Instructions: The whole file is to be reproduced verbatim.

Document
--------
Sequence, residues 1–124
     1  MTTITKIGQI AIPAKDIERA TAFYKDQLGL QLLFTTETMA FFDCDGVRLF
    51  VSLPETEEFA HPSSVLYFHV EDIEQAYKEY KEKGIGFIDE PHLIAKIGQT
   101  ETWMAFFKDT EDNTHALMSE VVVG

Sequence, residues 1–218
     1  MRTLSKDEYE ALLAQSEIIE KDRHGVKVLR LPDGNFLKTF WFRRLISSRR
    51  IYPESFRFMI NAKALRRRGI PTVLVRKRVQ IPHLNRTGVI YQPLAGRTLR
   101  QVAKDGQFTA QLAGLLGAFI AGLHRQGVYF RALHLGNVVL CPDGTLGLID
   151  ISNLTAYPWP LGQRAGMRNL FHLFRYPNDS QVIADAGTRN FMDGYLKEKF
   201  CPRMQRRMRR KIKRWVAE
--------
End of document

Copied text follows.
Sequence, residues 1–124
     1  MTTITKIGQI AIPAKDIERA TAFYKDQLGL QLLFTTETMA FFDCDGVRLF
    51  VSLPETEEFA HPSSVLYFHV EDIEQAYKEY KEKGIGFIDE PHLIAKIGQT
   101  ETWMAFFKDT EDNTHALMSE VVVG

Sequence, residues 1–218
     1  MRTLSKDEYE ALLAQSEIIE KDRHGVKVLR LPDGNFLKTF WFRRLISSRR
    51  IYPESFRFMI NAKALRRRGI PTVLVRKRVQ IPHLNRTGVI YQPLAGRTLR
   101  QVAKDGQFTA QLAGLLGAFI AGLHRQGVYF RALHLGNVVL CPDGTLGLID
   151  ISNLTAYPWP LGQRAGMRNL FHLFRYPNDS QVIADAGTRN FMDGYLKEKF
   201  CPRMQRRMRR KIKRWVAE